Photographer Keith Loutit’s 'The City of Samba' video (see above) is an incredible look at Carnival in Rio de Janeiro. The video is shot with a combination of stop motion and tilt-shift photography, and the must-see work has been making the rounds on social media recently even though it has been on Vimeo since 2012, when it won Vimeo’s Top 12 of 2012 award.
The video opens with a glorious 'miniature' panorama of the city. Seemingly tiny gondolas summit a mountain with the jerky hesitation of a Tim Burton animation. Ships crest waves and then fall out of focus. A helicopter performs a rescue at sea, and then Carnival unfolds. Captured from a vantage point above the fray, the video shows the hectic celebration as a crazy animated dance.
A second video, 'The Lion City' (see below) featuring Singapore was released last year and while it hasn’t made the same impression on social media, it’s even more brilliant and uses advancements of the techniques Loutit pioneered for 'City of Samba' (Frankly we’re surprised he hasn’t been hired to make opening credits for an HBO series or for a Christopher Nolan movie).
His site says he uses a combination of 35mm DSLRs and lenses he's adapted from large-format work but we wanted to find out more, so we spoke to him via email. The explanation of his process is almost as interesting as the video results. Here's what he said:
'Most of my earlier work with tilt-shift required large-format bellows or repurposed enlarger lenses. In both cases the principle is the same: using a lens that projects an image circle much larger than the 35mm sensor allows for a degree of tilt above and beyond ordinary manufacturer tilt-shift lenses. In the case of the large-format bellows there was no modification required, but the enlarger lenses required some custom mounts that allowed for a full range of tilt in any direction away from the sensor plane.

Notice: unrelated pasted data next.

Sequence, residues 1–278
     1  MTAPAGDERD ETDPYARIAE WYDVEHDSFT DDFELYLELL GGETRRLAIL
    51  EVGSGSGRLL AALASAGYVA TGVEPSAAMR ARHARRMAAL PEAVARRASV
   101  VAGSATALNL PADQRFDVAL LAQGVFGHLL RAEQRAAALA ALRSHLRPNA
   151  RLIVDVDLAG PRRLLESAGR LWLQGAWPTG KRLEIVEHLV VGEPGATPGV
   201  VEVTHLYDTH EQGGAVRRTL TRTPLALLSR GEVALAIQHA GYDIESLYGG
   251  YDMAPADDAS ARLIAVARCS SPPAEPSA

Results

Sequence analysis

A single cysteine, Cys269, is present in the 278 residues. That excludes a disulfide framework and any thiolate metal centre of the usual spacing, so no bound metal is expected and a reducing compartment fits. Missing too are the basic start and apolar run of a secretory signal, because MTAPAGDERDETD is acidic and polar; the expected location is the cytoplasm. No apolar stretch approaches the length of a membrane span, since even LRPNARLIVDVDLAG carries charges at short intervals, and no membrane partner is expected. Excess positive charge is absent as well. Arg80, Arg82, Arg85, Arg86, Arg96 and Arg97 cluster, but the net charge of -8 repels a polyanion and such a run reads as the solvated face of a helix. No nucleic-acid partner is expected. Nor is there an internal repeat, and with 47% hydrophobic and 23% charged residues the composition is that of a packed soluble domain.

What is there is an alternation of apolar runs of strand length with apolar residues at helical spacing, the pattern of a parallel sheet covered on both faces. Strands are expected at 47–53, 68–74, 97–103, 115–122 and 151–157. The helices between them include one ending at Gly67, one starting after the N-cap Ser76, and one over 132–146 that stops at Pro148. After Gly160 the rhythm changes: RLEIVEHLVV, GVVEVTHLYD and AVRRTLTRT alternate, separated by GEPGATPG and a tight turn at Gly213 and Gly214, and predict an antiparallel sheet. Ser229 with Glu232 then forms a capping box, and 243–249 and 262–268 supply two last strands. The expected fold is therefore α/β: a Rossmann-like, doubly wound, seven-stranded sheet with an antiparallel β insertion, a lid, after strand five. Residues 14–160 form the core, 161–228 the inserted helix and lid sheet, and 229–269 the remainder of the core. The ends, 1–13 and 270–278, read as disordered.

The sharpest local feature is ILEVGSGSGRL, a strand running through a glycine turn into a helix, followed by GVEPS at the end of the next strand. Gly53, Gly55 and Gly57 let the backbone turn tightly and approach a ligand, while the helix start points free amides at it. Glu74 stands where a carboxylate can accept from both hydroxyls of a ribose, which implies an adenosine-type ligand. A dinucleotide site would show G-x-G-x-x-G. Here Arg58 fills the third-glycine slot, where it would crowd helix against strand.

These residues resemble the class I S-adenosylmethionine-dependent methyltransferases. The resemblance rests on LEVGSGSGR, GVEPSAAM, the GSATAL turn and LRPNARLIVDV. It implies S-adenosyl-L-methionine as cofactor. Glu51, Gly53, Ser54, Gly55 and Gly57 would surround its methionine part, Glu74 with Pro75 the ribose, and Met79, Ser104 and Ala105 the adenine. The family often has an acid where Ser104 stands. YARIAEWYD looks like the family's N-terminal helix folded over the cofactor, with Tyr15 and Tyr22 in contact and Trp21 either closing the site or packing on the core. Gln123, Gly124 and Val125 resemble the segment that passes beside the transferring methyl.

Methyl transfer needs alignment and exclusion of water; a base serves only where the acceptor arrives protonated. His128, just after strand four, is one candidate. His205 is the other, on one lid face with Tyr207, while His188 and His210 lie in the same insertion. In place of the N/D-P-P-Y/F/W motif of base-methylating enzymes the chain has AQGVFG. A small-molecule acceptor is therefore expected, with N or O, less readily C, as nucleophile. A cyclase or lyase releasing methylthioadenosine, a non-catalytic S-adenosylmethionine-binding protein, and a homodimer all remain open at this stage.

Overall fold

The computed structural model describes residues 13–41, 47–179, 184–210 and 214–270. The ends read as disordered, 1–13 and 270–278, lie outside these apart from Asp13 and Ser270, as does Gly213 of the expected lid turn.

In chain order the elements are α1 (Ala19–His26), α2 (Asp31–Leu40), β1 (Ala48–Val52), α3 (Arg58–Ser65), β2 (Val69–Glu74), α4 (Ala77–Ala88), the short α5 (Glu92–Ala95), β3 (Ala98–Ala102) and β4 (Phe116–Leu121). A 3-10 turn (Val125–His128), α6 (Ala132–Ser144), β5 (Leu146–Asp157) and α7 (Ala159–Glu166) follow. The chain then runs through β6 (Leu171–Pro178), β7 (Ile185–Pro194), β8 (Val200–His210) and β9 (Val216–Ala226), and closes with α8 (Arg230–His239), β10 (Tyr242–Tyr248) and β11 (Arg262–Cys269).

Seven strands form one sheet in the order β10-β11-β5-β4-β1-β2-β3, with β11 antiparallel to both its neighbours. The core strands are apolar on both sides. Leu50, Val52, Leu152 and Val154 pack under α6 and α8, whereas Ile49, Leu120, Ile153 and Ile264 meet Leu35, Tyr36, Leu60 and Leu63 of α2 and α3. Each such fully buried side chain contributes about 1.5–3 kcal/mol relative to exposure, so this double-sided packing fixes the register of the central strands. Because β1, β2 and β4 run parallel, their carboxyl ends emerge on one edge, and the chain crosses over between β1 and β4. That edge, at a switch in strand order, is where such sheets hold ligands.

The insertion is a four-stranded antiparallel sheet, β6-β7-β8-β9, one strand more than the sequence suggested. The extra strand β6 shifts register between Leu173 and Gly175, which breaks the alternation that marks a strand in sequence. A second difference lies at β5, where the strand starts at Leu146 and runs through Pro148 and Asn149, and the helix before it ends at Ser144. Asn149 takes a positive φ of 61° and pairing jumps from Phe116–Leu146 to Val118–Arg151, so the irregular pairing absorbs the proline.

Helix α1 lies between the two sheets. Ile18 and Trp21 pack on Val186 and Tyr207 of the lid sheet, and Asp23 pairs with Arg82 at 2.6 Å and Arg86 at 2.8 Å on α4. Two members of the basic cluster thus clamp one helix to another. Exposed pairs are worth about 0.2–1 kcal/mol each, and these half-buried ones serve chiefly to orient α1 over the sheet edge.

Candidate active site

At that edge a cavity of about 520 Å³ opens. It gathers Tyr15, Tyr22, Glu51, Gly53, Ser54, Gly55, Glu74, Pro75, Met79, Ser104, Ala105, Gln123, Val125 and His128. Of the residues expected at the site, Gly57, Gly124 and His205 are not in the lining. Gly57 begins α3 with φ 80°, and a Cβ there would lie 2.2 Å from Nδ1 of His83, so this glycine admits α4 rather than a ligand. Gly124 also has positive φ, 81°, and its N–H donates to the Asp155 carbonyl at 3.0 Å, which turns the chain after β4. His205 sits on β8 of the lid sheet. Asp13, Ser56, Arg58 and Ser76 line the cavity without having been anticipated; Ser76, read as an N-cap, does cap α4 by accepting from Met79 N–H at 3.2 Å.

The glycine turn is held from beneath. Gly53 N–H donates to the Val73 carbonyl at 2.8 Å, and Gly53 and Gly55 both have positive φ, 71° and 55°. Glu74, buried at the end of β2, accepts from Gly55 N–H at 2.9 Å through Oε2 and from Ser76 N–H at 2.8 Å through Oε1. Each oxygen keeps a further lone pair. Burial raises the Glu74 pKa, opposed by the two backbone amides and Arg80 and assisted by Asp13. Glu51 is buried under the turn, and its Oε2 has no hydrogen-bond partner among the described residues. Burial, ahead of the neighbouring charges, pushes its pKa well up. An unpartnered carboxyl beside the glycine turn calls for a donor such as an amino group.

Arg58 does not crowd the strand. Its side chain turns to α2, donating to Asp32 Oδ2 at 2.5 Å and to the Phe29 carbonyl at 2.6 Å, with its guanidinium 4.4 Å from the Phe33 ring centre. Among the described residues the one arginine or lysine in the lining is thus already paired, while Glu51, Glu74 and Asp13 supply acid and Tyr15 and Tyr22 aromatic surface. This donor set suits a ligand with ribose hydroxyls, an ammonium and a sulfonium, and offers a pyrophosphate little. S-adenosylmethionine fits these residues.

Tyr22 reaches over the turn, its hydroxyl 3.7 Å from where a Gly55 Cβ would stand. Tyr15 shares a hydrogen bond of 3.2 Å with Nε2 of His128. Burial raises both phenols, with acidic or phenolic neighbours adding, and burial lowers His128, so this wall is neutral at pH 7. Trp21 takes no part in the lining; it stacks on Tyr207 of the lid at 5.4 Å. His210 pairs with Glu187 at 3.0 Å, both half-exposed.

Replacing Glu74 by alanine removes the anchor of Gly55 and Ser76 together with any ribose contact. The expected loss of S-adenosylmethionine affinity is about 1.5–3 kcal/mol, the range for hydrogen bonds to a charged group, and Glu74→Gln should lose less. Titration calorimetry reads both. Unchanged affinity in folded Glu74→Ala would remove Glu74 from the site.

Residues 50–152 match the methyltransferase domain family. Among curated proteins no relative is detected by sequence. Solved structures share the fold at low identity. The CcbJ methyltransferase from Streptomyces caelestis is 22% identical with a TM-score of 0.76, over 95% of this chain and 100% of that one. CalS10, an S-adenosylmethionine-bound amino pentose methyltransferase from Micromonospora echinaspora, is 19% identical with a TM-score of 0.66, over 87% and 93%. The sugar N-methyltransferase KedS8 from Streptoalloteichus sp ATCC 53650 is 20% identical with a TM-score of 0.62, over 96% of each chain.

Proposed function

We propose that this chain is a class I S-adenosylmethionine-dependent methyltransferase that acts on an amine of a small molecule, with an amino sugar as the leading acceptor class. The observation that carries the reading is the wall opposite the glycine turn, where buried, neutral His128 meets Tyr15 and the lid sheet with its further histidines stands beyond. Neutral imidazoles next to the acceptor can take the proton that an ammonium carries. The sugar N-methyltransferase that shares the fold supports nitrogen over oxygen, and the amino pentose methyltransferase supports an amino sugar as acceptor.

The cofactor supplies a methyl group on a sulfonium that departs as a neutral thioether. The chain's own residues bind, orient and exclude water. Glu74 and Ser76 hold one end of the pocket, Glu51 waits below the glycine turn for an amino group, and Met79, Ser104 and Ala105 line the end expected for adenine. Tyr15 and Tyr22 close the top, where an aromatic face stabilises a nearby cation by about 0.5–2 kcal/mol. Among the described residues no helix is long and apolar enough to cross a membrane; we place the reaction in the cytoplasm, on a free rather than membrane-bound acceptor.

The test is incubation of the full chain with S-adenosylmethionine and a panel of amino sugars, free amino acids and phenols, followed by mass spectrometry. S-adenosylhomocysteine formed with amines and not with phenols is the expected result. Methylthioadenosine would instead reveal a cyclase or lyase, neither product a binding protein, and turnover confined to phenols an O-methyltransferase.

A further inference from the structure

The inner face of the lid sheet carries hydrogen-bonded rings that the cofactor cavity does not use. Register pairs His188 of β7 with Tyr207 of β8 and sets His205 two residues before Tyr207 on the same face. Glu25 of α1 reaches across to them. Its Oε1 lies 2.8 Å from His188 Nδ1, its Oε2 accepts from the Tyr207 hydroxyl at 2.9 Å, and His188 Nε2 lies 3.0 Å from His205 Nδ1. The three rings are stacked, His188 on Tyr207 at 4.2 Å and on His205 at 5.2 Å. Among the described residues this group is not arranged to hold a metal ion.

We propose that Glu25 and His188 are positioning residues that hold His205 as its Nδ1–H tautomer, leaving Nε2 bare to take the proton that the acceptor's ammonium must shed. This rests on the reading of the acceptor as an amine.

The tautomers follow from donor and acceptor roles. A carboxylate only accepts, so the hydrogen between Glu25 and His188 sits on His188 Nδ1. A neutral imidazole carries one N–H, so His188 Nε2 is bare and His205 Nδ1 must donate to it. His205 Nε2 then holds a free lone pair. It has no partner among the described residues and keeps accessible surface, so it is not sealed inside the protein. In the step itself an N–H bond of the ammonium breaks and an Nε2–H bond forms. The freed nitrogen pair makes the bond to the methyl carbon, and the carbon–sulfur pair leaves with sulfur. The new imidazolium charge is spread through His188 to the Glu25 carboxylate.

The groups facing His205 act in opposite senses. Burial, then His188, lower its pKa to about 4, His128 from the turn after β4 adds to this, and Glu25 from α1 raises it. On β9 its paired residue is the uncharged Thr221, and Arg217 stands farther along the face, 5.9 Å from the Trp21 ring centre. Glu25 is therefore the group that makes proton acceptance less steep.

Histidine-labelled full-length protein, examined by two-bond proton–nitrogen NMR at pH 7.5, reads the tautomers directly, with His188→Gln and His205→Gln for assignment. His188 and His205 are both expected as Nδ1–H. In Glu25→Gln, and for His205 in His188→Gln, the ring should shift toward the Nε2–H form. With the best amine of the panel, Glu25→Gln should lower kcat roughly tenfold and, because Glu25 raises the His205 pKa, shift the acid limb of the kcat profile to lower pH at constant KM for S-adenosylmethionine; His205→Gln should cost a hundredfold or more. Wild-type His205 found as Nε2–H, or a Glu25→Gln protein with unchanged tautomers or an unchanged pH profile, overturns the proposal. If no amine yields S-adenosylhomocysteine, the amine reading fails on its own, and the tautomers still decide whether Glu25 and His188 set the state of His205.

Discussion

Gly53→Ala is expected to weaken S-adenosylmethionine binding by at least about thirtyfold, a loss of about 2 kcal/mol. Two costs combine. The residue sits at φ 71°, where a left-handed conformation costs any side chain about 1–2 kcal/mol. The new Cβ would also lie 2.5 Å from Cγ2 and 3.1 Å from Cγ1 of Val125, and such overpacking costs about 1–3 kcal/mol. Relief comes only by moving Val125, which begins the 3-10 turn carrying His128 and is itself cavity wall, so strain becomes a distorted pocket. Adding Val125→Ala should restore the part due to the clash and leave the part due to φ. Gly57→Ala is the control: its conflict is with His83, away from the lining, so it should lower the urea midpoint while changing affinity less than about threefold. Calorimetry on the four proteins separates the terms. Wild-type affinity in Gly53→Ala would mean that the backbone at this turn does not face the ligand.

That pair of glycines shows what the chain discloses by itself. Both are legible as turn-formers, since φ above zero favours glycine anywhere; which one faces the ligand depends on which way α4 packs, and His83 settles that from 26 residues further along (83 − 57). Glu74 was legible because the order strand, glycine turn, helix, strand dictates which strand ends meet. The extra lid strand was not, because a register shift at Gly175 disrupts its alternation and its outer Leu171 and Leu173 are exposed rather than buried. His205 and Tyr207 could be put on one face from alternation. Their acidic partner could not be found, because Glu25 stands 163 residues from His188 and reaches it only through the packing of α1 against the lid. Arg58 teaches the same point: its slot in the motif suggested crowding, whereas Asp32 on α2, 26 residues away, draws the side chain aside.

'For focal shifts using tilted lenses such as in 'The City of Samba', focal shifts were performed step by step during the time-lapse shooting. In other cases the focus of large-format bellows were 'cranked' using a car tyre wrench that created a gear system that allowed for very slight focal adjustments. By moving the front lens element further and closer to the sensor plane while in tilted position, the tilt-shift focus can be animated.
'In the film 'The Lion City', the techniques were advanced further using digital processes that create artificial focal planes based on the geometry of the entire scene. This allows for some amazing effects such as focal storms, and dramatic day to night sequences that animate through the city.
We also asked Loutit how he got such astounding access to the parade of Carnival - in many of the frames he’s clearly shooting from right above the action.
'I collaborated with a good friend and director Jarbas Agnelli who shot the film with me, and also composed the musical arrangement. We first met in person at the Guggenheim Museum where our works were being featured there as part of 'Youtube Play - A Biennial of creative video at the Guggeheim'. At this event, the idea hatched for the Carnival film and through Jarbas's contacts and local resources we were able to gain exceptional access to the event across multiple days to create all of the camera angles that you see within the film'.
It helps to know people in high places. For more information on Loutit or his work, visit his website at keithloutit.com.
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